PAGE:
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Adult Cancers Near High-voltage Overhead Power Lines

Elliott, Paula; Shaddick, Gavinb; Douglass, Margareta; de Hoogh, Keesa; Briggs, David J.a; Toledano, Mireille B.a

doi: 10.1097/EDE.0b013e31827e95b9
Cancer

Background: Extremely low-frequency magnetic fields are designated as possibly carcinogenic in humans, based on an epidemiologic association with childhood leukemia. Evidence for associations with adult cancers is weaker and inconsistent.

Methods: We conducted a case-control study to investigate risks of adult cancers in relation to distance and extremely low-frequency magnetic fields from high-voltage overhead power lines using National Cancer Registry Data in England and Wales, 1974–2008. The study included 7823 leukemia, 6781 brain/central nervous system cancers, 9153 malignant melanoma, 29,202 female breast cancer cases, and 79,507 controls frequency-matched on year and region (three controls per case except for female breast cancer, one control per case) 15–74 years of age living within 1000 m of a high-voltage overhead power line.

Results: There were no clear patterns of excess risk with distance from power lines. After adjustment for confounders (age, sex [except breast cancer], deprivation, rurality), for distances closest to the power lines (0–49 m) compared with distances 600–1000 m, odds ratios (ORs) ranged from 0.82 (95% confidence interval = 0.61–1.11; 66 cases) for malignant melanoma to 1.22 (0.88–1.69) for brain/central nervous system cancer. We observed no meaningful excess risks and no trends of risk with magnetic field strength for the four cancers examined. In adjusted analyses at the highest estimated field strength, ≥1000 nanotesla (nT), compared with <100 nT, ORs ranged from 0.68 (0.39–1.17) for malignant melanoma to 1.08 (0.77–1.51) for female breast cancer.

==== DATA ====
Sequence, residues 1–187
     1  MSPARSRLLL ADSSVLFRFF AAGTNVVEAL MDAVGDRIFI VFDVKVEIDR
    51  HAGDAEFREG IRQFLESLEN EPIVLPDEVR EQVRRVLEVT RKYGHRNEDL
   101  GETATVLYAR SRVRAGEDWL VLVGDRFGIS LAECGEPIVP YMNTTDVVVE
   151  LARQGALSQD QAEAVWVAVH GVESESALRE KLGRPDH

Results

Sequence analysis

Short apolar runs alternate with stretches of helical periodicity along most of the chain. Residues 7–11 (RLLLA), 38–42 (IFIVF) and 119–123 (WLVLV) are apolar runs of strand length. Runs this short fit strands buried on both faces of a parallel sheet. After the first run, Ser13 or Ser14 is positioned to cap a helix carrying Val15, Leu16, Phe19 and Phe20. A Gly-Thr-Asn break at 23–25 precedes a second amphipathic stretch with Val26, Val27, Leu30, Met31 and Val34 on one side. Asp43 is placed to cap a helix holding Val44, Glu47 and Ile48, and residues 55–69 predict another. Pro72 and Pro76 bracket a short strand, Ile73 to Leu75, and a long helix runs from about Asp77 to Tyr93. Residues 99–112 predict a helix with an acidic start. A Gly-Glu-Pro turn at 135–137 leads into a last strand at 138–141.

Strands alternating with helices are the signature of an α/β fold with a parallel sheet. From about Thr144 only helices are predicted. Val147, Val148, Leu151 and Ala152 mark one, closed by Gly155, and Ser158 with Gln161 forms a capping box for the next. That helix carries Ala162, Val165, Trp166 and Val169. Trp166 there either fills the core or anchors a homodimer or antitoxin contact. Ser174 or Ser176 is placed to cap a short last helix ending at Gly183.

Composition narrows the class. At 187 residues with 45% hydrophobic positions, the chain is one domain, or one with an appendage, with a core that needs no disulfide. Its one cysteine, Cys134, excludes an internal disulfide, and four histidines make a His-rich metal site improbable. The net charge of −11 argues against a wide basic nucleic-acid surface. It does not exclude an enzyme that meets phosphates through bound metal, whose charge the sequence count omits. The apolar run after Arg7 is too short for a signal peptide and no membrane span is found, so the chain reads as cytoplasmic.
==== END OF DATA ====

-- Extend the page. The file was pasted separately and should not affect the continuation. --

Conclusion: Our results do not support an epidemiologic association of adult cancers with residential magnetic fields in proximity to high-voltage overhead power lines.

From the aSmall Area Health Statistics Unit, MRC-HPA Centre for Environment and Health, School of Public Health, Imperial College London, St. Mary’s Campus, London, United Kingdom; and bDepartment of Mathematical Sciences, University of Bath, Bath, United Kingdom.

Submitted 19 March 2012; accepted 16 November 2012; posted 18 January 2013.

P.E. and D.J.B. received support for the study from UK Department of Health, grant number RRX106. The Energy Networks Association also contributed funding through a grant to the Department of Health. A Steering Committee comprising independent experts and representatives of the funders advised on study design and commented on the protocol. The Department of Health, Energy Networks Association, and National Grid were not involved in the writing or interpretation of this report, which is the responsibility of the authors alone.

Supplemental digital content is available through direct URL citations in the HTML and PDF versions of this article (www.epidem.com). This content is not peer-reviewed or copy-edited; it is the sole responsibility of the author.

Correspondence: Paul Elliott and Mireille Toledano, Small Area Health Statistics Unit, MRC-HPA Centre for Environment and Health, School of Public Health, Imperial College London, St Mary’s campus, London W2 1PG, United Kingdom. E-mail: p.elliott@imperial.ac.uk; m.toledano@imperial.ac.uk.

© 2013 Lippincott Williams & Wilkins, Inc.